NHS is ‘riddled with racism’, says British Medical Association president
The British Medical Association’s chairman of the board has said the NHS is ‘riddled with racism’ following the results of a survey into doctors’ experiences.
The survey found that at least 75% of ethnic minority doctors had experienced racism more than once in the past two years and 17.4% had regularly experienced racism at work.
Speaking to BBC BMA chairman Dr Chaand Nagpaul said: ‘It is a moral right for anyone who works for the NHS to be treated fairly.
NHS Primary Care Medical Director Dr Nikki Kanani responded by telling the broadcaster that racism and discrimination of any kind “should not be tolerated by anyone”.
“While our latest report on gender equality [in 2020] shows that we have made progress in some areas of the NHS, it is totally unacceptable for anyone to experience racism, discrimination or prejudice at work, and NHS organizations should continue to take a zero tolerance approach to anyone and everyone. form of discrimination,” she said.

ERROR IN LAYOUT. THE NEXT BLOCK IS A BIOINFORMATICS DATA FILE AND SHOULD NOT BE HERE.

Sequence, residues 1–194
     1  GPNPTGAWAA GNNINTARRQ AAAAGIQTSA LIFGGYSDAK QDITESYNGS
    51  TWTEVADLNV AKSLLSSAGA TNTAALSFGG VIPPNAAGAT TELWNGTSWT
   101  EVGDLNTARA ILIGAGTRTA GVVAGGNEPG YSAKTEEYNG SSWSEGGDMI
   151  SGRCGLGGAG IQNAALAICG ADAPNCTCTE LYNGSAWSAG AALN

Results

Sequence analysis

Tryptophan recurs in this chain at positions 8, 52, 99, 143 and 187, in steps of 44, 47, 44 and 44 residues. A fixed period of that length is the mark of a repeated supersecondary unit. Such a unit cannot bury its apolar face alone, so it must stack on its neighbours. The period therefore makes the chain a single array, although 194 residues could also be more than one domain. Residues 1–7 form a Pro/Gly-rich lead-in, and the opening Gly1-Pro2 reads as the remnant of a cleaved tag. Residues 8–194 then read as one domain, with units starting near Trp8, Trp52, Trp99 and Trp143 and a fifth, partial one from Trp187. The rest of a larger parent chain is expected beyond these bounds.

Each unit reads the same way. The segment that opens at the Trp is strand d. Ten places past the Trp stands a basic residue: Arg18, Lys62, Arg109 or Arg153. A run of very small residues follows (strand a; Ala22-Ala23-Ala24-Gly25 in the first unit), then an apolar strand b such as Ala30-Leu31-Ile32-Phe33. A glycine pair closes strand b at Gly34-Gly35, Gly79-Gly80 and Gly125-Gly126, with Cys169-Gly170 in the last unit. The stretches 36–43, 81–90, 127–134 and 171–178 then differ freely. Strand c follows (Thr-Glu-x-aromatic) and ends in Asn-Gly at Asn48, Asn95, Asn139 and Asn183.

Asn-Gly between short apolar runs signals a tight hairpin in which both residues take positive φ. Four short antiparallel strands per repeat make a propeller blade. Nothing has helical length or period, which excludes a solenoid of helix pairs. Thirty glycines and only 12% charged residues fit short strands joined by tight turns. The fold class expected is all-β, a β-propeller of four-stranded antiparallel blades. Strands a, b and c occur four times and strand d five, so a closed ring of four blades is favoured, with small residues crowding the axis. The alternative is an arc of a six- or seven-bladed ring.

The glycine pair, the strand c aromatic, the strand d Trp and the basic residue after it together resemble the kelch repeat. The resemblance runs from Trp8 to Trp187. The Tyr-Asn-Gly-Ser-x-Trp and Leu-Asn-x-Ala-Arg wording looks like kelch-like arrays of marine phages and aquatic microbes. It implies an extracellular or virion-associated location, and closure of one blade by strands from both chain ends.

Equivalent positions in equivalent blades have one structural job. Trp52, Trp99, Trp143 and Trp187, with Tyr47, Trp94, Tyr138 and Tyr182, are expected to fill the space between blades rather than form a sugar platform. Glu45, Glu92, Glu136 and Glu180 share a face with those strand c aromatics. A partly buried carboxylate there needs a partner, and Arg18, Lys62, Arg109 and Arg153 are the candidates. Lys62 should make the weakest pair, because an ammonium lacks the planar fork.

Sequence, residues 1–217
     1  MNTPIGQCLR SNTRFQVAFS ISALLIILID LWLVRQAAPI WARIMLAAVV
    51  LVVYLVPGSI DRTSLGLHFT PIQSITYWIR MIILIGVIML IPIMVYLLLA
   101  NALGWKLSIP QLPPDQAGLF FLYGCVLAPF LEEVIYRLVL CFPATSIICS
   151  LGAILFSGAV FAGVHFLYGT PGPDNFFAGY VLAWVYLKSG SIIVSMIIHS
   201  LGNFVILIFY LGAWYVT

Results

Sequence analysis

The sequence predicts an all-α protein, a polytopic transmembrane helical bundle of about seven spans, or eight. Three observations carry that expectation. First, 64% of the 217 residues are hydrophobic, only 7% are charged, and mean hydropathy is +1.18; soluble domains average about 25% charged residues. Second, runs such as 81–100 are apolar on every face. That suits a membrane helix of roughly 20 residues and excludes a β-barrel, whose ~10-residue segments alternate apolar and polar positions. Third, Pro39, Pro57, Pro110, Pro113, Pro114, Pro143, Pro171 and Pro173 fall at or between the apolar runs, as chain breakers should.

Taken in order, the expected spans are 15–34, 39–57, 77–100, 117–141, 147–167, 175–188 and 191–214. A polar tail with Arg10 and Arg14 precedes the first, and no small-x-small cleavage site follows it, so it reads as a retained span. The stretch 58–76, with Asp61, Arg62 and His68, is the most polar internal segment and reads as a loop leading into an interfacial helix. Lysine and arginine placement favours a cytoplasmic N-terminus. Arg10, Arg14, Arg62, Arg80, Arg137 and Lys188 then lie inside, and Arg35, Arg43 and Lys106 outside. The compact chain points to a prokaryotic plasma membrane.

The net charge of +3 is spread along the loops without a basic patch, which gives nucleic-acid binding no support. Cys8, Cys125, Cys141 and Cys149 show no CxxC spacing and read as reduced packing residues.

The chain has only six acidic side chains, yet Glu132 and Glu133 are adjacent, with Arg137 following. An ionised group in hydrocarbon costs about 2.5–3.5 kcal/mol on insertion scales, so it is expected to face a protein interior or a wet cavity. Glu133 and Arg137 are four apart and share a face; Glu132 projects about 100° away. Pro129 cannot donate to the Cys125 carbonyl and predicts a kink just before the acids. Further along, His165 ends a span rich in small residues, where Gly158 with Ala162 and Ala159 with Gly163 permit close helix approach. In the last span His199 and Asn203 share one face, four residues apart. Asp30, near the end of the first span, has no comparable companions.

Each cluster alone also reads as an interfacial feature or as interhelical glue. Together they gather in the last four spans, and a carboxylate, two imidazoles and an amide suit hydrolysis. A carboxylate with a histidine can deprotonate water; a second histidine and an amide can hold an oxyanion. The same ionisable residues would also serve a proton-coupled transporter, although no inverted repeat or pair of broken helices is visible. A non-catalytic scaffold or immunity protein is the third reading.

The survey provided to the BBC of more than 2,000 people found that around 40% of NHS doctors are from minority backgrounds.
More than 70% of those who have encountered racism at work have not complained about it.
Nearly 20% said they had considered quitting their job or quit their job in the past two years because of racism.
Nearly 60% said racism at work had impacted their mental health and well-being, and 20% said they had experienced racism from patients.